Mr. Henry earns citizenship
SALISBURY – At Livingstone College, there are several consistencies that students can count on – assemblies on Wednesdays; the singing of the school’s alma mater; and Mr. Henry always having a piece of candy in his pocket.
Henry Mawolo, a towering figure with a distinct foreign accent, works with the IT (information technology) Department at Livingstone College, but has made himself useful in so many other aspects of the school’s operations. He’s a big brother, a father-figure, a chaperone, an ambassador – and runs his candy ministry.
He shares candy with an intended purpose; whether it’s to an anxious incoming student at registration; a nervous parent of a first-time college student; a staff member having a bad day; or simply to spread good cheer.
On last week, Mr. Henry became something more and can add another title to the list: a naturalized citizen of the United States of America.
A native of Liberia, Mr. Henry, as he is affectionately called, participated in his naturalization oath ceremony on June 25 in Charlotte, after having taken his naturalization test on May 28.
On Sunday, Mr. Henry celebrated his citizenship with his church family at Soldiers Memorial A.M.E. Zion Church in Salisbury.
“It is God who makes things happen,” he said. “I am now a citizen. I am no longer an immigrant and my church recognized me for that.”
It has been a long road from Liberia to citizenship for Mr. Henry. He came to America during the second Civil War in Liberia and attended Livingstone College. He received two foreign scholarships to attend Livingstone: one from Liberia and the other from the Liberian Bureau of Maritime,
Prior to arriving to Livingstone, there was a change in the maritime leadership and his scholarship was not honored. “But thank God Livingstone and the A.M.E. Zion Church was able to help me. I worked hard and diligently to pay my tuition,” he said.
Mr. Henry graduated in 2004 with a degree in computer information systems After graduation, he volunteered at Livingstone, working in the library, computer lab and with residence life while holding down a part-time job elsewhere. In 2008, he was hired by the college to work with IT.
“Mr. Mawolo has proven to be an invaluable addition to our Livingstone College family,” said Livingstone President Dr. Jimmy R. Jenkins, Sr. “He is always available to lend a hand and help whenever and wherever possible. Livingstone College is a gateway to a better life and experience for many foreign students, which mandates our mission to take students from where they are to where they need to be to command their rightful place in the global society.”
As a U.S. citizen, Mr. Henry now has access to privileges that were not afforded him before. “The main thing is that I can now vote,” he said. Other privileges include property and business ownership, becoming eligible for federal jobs, and other First Amendment freedoms.
One benefit also includes reuniting with family members abroad. Naturalized citizens can sponsor their parents, spouses, children and siblings to live with them as permanent residents. Mr. Henry is particularly fond of the latter.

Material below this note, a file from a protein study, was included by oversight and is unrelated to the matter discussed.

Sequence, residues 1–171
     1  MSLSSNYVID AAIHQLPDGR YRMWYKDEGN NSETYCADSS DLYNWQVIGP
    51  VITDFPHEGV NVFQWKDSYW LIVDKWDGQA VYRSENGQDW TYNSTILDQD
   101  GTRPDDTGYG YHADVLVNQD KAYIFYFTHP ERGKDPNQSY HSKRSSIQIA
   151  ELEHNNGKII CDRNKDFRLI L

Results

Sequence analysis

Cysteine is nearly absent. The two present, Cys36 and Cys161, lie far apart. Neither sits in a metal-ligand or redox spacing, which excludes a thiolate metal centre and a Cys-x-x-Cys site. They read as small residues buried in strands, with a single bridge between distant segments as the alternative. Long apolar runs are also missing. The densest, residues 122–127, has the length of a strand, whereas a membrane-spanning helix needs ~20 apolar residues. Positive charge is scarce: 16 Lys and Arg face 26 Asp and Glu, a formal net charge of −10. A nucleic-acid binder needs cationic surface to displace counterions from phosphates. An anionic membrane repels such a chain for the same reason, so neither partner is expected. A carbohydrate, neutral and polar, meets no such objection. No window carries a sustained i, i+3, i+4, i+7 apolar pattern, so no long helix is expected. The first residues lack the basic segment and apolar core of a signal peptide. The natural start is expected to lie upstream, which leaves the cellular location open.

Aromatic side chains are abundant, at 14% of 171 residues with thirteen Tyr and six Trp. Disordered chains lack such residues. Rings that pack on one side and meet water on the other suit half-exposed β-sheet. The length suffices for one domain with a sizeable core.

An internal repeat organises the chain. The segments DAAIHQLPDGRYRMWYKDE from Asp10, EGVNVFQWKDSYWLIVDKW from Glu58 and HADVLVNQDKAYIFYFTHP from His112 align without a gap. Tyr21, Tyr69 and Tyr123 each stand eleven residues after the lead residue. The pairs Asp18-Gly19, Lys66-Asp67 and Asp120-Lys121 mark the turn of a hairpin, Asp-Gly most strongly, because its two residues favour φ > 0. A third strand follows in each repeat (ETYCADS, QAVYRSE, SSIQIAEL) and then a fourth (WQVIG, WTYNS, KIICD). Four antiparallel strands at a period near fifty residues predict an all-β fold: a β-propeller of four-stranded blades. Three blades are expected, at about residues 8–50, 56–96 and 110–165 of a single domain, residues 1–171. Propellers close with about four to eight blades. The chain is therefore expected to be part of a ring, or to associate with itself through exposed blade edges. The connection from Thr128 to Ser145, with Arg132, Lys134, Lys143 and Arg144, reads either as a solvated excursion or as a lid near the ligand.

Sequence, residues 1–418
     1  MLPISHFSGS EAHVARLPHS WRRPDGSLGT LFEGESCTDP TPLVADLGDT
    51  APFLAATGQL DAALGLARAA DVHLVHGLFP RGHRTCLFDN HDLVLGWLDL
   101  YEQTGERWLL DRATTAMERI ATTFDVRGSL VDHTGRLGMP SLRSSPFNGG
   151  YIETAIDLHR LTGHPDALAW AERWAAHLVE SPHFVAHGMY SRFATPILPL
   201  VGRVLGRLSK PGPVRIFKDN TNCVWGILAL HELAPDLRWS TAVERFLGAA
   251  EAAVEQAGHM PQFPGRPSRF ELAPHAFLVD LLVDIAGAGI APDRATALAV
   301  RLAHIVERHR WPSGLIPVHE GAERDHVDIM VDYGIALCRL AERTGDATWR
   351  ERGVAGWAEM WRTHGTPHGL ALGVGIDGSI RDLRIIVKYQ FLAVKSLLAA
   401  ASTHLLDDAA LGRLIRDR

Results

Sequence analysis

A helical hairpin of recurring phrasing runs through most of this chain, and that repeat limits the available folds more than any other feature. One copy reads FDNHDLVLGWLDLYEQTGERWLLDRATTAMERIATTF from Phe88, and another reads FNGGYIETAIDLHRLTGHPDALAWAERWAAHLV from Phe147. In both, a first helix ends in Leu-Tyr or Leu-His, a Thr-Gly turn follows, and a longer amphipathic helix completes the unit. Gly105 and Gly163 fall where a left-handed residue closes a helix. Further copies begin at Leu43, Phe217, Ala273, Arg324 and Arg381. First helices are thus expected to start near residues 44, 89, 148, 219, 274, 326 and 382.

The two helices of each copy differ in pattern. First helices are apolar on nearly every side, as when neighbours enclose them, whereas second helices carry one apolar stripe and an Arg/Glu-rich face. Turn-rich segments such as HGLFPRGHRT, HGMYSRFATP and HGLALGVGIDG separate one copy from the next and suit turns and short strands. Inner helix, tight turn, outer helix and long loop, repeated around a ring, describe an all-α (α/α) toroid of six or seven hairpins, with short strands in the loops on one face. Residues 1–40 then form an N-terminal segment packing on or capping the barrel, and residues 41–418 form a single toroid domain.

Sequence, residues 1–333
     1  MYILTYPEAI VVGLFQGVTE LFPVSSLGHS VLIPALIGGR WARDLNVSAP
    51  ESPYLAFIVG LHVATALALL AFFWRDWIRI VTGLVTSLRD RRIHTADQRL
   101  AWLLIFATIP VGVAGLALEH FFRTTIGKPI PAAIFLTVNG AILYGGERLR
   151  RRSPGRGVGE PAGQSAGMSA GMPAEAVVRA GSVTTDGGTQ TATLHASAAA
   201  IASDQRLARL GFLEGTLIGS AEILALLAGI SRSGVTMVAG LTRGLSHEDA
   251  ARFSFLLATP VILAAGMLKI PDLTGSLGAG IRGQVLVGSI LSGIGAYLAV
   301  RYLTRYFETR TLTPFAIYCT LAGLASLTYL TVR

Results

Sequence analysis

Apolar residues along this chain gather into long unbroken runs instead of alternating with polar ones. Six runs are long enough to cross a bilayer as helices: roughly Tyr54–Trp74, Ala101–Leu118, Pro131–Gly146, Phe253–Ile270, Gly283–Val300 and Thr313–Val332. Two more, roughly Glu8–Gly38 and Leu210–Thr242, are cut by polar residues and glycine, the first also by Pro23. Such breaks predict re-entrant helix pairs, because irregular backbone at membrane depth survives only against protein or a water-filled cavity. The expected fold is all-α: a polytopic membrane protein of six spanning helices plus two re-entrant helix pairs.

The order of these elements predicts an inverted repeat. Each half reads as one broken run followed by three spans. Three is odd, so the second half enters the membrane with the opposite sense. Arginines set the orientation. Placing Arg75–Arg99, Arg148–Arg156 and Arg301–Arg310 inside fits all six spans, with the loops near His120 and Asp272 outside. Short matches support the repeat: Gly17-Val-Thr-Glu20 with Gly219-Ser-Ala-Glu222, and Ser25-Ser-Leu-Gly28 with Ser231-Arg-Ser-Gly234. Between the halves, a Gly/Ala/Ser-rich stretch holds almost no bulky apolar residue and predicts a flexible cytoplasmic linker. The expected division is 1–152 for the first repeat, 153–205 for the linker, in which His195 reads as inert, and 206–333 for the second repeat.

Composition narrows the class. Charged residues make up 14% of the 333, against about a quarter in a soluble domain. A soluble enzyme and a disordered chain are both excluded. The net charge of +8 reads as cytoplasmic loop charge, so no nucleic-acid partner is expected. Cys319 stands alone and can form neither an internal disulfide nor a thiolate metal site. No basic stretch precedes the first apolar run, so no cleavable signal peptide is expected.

“I can send for my son to come here to get his bachelor’s degree,” Mr. Henry said. His son is back in Liberia and has completed an associate’s degree in computer engineering.
Mr. Henry also has aspirations to earn a master’s degree and his doctorate. “If the Lord can help me find funding sources,” he said with hope.
While here, Mr. Henry has supported his family back home, in particularly a nephew who is now senior communicator at the Liberia Maritime Authority. In addition to his son, he also has an adopted daughter there.
Before arriving to America, Mr. Henry was actively involved in Liberia. He played professional basketball with the Liberian national team; served as a lab administrator for A.M.E. Zion University in Liberia; and was on the Full Gospel A.M.E Zion Church Board of Trustees.
During the war, he helped to find his basketball coach’s children who went missing. They were found and relocated to a neighboring country, he said.
America and his native Liberia have a shared history. Liberia was founded as a result of the American Colonization Society to settle freed American slaves who voluntarily relocated.
“The history is unique. People went back from America to Liberia to educate. What they learned here, they took there,” he said.
This is why Liberia has similarities to America. Its government is modeled after that of the United States and also its flag. The Liberian flag looks like the American flag except it has only one star. That one star represents Liberia being Africa’s first independent nation, he said.
“The United States is a country of laws and order. People come here for different reasons and opportunities, such as freedom of speech and freedom of religion. America protects others who are abused from other countries,” he said.
This Fourth of July holiday – when America celebrates its independence – will be extra special for Mr. Henry. Usually he is escorting a group of Livingstone students to the Kannapolis Intimidators Stadium for fireworks. As the national anthem is being played, he will sing it for the first time as a U.S. citizen.
“It will resonate more with me,” he said, as he recited the lyrics with a beaming smile:
“… And the rocket’s red glare, the bombs bursting in air,
Gave proof through the night that our flag was still there …”
He especially likes the part about the flag.
As a naturalized citizen, Mr. Henry is now more intimate with America’s history and ideals and is proud of the road it took to get him here.
“It’s not easy to become an American,” he said. “It took years for me to become one.”
Henry Mawolo, shown holding certificate, celebrates earning his citizenship of the United States of America with his church family at Soldiers Memorial AME Zion Church in Salisbury.
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